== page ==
Thirty years ago I stood on The Strand in a queue for eight hours intent on getting my hands on early tickets for the first production of Sunset Boulevard. It was worth every minute to watch Patti LuPone bring Norma Desmond to life. The production was gorgeous in every aspect. Fantastic costuming, lighting and sets. And that iconic staircase. It was everything. It was theatre.
Sunset Boulevard for a TikTok generation
Based on the 1950s Billy Wilder film of the same name, it’s the story of faded silent movie star, Norma Desmond, who plans to make her great comeback to the silver screen with a self-written script Salome. A chance encounter with a luckless screenwriter sees Norma hire him to edit her garbled screenplay ready for submission to Cecil B. DeMille. Many setbacks along the way, Norma gets a call from the studios and is convinced she’ll be back in front of the cameras soon. But all they want is to do is borrow her vintage car. There is no happy ending.
This year, Jamie Lloyd has taken a crack at it. Known for stripping things back to the bone (chipboard sets in The Seagull), this is Sunset Boulevard for a TikTok generation. The costumes are minimal; the lighting is bleak and as for the set, well, there just isn’t one. The mainstream media seem to think they’ve found their new wunderkind, heaping praise on him for being bold and daring; but for me, this is just a case of The Emperor’s New Clothes. This approach to theatre has been done for years – just take a look at pretty much any production at the Edinburgh Festival Fringe. Financial constraints and impossible get-in times mean most end up looking like this.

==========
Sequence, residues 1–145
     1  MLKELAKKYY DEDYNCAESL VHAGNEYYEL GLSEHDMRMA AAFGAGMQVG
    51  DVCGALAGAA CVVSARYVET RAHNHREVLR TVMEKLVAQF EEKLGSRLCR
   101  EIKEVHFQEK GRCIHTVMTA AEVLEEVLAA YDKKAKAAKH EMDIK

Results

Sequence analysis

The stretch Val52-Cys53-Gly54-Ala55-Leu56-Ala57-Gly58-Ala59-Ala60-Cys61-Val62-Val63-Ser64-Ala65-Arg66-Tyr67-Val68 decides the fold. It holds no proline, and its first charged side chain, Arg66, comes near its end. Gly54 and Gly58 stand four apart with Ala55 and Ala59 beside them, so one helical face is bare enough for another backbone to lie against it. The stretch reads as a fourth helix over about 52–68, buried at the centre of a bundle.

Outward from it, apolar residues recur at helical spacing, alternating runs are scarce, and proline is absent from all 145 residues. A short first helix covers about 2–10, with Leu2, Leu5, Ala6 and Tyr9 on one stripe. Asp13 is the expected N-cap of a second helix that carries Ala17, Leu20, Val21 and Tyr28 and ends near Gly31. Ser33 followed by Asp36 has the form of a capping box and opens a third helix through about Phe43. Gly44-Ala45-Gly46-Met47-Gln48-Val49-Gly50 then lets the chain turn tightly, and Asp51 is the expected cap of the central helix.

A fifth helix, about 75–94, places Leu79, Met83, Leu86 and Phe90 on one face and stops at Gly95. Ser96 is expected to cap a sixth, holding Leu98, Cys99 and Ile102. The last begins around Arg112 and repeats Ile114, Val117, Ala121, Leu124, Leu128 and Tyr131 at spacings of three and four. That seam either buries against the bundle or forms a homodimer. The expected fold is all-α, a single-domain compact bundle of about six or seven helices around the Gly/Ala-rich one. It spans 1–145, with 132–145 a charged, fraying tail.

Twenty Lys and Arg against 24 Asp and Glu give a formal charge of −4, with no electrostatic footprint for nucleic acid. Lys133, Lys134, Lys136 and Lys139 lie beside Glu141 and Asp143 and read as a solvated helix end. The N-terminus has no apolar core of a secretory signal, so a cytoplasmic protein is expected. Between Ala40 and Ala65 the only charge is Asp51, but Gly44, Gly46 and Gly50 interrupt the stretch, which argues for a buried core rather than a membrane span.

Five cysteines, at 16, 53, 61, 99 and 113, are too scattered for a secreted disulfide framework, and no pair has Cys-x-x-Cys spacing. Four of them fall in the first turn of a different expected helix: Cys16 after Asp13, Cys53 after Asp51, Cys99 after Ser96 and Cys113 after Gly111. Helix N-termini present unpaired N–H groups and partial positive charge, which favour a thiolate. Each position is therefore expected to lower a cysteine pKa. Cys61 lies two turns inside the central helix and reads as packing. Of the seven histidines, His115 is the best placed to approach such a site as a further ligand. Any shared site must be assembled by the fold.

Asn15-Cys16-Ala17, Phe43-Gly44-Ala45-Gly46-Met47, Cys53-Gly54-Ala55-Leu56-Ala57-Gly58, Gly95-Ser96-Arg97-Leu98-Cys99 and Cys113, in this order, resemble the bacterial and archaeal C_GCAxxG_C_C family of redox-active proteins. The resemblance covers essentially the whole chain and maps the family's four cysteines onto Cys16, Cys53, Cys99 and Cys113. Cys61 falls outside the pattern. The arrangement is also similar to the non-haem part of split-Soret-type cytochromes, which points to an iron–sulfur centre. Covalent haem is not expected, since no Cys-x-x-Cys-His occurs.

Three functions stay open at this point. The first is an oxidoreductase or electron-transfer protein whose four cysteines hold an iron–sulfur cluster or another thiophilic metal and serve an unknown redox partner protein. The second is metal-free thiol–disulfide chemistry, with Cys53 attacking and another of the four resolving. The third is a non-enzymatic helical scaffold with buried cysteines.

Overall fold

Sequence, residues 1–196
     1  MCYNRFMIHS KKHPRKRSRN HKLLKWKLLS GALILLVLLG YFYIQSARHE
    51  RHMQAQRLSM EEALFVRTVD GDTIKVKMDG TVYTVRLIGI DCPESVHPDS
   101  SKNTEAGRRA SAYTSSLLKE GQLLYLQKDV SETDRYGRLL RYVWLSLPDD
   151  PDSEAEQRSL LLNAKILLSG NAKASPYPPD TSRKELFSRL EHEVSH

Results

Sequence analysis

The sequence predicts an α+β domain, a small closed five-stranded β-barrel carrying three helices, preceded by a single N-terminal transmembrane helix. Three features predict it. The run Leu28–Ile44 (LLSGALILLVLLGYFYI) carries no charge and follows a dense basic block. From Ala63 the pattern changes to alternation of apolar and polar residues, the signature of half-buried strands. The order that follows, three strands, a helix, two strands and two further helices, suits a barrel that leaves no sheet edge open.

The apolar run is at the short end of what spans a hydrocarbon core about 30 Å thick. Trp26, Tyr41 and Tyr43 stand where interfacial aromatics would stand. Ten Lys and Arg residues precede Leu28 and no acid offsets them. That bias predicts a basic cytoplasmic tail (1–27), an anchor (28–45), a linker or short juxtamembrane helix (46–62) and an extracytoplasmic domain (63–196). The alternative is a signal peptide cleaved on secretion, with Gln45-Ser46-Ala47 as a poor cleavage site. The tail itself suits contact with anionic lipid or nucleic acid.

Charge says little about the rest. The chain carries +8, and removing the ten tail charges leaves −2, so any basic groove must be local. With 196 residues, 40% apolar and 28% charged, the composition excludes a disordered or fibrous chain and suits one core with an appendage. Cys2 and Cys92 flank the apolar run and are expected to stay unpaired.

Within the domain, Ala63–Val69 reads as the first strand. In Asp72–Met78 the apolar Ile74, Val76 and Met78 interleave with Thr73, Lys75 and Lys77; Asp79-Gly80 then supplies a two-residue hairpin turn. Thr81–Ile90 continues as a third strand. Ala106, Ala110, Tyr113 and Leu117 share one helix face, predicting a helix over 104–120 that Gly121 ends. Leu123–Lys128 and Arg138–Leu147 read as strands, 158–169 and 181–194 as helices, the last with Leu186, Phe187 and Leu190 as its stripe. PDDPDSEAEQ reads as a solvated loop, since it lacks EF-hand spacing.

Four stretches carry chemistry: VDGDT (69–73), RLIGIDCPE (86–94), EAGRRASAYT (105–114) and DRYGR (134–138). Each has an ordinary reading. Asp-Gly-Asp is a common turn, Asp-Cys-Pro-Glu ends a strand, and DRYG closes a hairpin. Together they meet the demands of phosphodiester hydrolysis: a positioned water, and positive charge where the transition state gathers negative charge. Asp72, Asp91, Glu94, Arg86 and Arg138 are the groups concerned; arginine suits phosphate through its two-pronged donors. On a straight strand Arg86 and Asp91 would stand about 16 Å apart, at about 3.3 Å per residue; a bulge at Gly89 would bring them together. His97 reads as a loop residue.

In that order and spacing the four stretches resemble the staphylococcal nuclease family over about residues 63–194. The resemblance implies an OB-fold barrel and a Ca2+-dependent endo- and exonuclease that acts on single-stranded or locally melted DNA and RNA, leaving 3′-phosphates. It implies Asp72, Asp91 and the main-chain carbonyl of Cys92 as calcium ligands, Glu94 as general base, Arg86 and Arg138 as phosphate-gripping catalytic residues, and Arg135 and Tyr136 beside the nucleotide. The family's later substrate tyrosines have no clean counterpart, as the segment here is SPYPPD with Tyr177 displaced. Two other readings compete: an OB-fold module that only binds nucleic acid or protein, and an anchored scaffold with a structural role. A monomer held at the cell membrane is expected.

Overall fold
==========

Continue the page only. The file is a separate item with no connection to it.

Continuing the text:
The staging is very monochromatic. Stark white spotlights illuminate black and white costumes through a seemingly constant haze. Actors deliver lines straight out front, disconnected from each other. The gimmick is roaming camera rigs transmitting live close-ups to an enormous screen that swings in behind the action with annoying regularity. Isn’t it meta? A forgotten movie star who’s desperate to get back in front of the cameras and ‘ready for her close up, Mr DeMille’, is constantly on-screen in close up.
Which brings us to the casting of Nicole Sherzinger as Norma. There’s something of an emotionless flatness to her performance, much like the two-dimensional video projection which she persistently mugs to. Yes, she can sing, but it sounds like a pop star and not carrying the drama of a musical theatre heavyweight like LuPone, Close or Paige. It’s like she’s in a different show to the rest of the cast, leaving her co-star Tom Francis to do most of the heavy lifting as screenwriter Joe Gillis.
I have no issue with reimagining shows to find new meaning. Inventive directors have staged many a production I thought I knew well and opened my eyes to the possibilities within. This, however, left me cold. My only takeaway was that stunt casting rarely works.